In 19th century England, a Dorset peasant, John Durbeyfield, discovers by chance that he is the last surviving descendant of an aristocratic family. Eager to profit from his newfound nobility, Durbeyfield sends his eldest daughter, Tess, to press his claim of kinship with the rich d’Urberville family. The young Alec d’Urberville, captivated by the beauty of this woman he calls “cousin”, agrees to employ her and sets about trying to seduce her. Tess ends up falling prey to Alec’s advances and returns pregnant to her parents’ home. She gives birth to a boy, who dies after a few weeks. To start anew, Tess leaves her village and finds a job on a farm where no one knows of her previous misfortune. There, she meets her true love: a pastor’s son called Angel Clare. Thinking that Tess is an innocent young peasant, he falls hopelessly in love with her, and despite the social gulf between them, asks for her hand in marriage. But on their wedding night, Tess confesses to Angel about her past. Appalled and unable to forgive her, Angel leaves Tess and sets sail for Brazil. For many months, Tess waits in desperation for her husband to return, working hard to earn enough for her family’s survival, until fate brings Alec d’Urberville back into her life.
CAST & CREW
Gérard Brach, John Brownjohn, Roman Polanski, based on the novel Tess of the d'Urbervilles by Thomas Hardy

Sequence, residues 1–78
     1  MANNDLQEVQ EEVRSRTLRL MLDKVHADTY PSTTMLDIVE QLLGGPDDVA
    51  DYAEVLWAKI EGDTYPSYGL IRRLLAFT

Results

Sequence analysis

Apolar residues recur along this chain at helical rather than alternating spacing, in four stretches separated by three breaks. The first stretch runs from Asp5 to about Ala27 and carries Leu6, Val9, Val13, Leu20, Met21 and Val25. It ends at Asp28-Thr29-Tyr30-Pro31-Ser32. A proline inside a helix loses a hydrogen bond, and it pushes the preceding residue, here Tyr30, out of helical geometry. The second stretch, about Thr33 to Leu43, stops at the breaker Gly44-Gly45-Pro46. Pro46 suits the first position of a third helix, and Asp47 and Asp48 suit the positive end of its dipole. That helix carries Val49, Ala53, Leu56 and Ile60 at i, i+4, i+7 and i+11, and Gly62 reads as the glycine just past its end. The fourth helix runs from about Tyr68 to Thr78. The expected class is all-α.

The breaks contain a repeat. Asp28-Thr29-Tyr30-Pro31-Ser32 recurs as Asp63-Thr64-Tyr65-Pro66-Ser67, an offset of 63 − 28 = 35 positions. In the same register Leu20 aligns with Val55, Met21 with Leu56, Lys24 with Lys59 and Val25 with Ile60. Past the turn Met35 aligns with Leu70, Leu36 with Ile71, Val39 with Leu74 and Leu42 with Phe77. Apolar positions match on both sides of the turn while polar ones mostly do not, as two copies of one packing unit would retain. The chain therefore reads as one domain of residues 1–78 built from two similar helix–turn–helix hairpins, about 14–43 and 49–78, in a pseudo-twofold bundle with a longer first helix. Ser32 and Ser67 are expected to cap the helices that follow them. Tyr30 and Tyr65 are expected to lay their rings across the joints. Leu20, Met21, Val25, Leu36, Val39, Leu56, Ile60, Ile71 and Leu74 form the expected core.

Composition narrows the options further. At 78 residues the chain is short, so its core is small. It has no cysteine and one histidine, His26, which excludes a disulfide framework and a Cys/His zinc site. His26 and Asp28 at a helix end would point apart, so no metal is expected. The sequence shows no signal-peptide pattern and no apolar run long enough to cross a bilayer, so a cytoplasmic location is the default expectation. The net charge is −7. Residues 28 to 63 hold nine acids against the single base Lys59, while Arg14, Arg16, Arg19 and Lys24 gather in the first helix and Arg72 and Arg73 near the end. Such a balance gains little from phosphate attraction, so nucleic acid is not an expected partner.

Director of Photography
Ghislain Cloquet, Geoffrey Unsworth
Hervé de Luze
Alastair McIntyre, Tom Priestley
Nastassja Kinski, Peter Firth, Leigh Lawson, John Collin, Rosemary Martin
Renn Productions Timothy Burrill Productions SFP
Polish film director, producer, writer and actor. Having made films in Poland, Britain, France and the USA, he is considered one of the few truly international filmmakers. In the 1950s, he took up acting, appearing in Andrzej Wajda's A Generation (1955) before studying at the Lodz Film School. His early shorts such as Two Men and a Wardrobe (1958), The Fat and the Lean (1961) and Mammals (1962), showed his taste for black humor and interest in bizarre human relationships. His feature debut, Knife in the Water (1962), was one of the first Polish post-war films not associated with the war theme. The films Repulsion (1965) and Cul-de-Sac (1966), made in England and co-written by Gérard Brach, won respectively Silver and then Golden Bear awards at the Berlin IFF. In 1968, Polanski went to Hollywood, where he made the psychological thriller, Rosemary's Baby. In 1974, he again made a USA release - it was Chinatown. After Tess, which was awarded several Oscars and Cesars, he made several works in 1980s and 1990s prior to the noteworthy The Pianist (2002). For that movie, he won nearly all the most important film awards, including the Oscar for Best Director, Cannes FF's Palme d'Or, the BAFTA and Cesar Award.
Rower (1955, short), Break up the Dance (1957, short), Teeth Smile (1957, short), Murder (1957, short), Two Men and a Wardrobe (1958, short), When Angels Fall (1959, short), The Lamp (1959, short), The Fat and the Lean (1961, short), Mammals (1962, short), Knife in the Water (1962), The World's Most Beautiful Swindlers (1964, segment), Repulsion (1965), Cul-de-Sac (1966), The Fearless Vampire Killers (1967), Rosemary's Baby (1968), Macbeth (1971), What? (1972), Chinatown (1974), The Tenant (1976), Tess (1979), Pirates (1986), Frantic (1988), Bitter Moon (1992), The King of Ads (1993, segment, doc.), Death and the Maiden (1994), The Ninth Gate (1999), The Pianist (2002), Oliver Twist (2005), To Each His Own Cinema (2007, segment), GREED, a New Fragrance by Francesco Vezzoli (2009, short), The Ghost Writer (2010), Carnage (2011), A Therapy (2012, short), Venus in Fur (2013).